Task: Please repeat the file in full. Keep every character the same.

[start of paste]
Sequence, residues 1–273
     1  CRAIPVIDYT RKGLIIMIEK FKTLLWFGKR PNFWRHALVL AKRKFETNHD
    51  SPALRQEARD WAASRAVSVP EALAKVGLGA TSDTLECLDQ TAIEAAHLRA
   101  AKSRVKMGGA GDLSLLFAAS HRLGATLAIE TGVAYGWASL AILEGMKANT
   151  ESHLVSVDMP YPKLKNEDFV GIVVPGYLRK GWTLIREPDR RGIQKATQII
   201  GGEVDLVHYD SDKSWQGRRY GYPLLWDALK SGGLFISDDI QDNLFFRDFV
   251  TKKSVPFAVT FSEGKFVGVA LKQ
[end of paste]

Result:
Sequence, residues 1–273
     1  CRAIPVIDYT RKGLIIMIEK FKTLLWFGKR PNFWRHALVL AKRKFETNHD
    51  SPALRQEARD WAASRAVSVP EALAKVGLGA TSDTLECLDQ TAIEAAHLRA
   101  AKSRVKMGGA GDLSLLFAAS HRLGATLAIE TGVAYGWASL AILEGMKANT
   151  ESHLVSVDMP YPKLKNEDFV GIVVPGYLRK GWTLIREPDR RGIQKATQII
   201  GGEVDLVHYD SDKSWQGRRY GYPLLWDALK SGGLFISDDI QDNLFFRDFV
   251  TKKSVPFAVT FSEGKFVGVA LKQ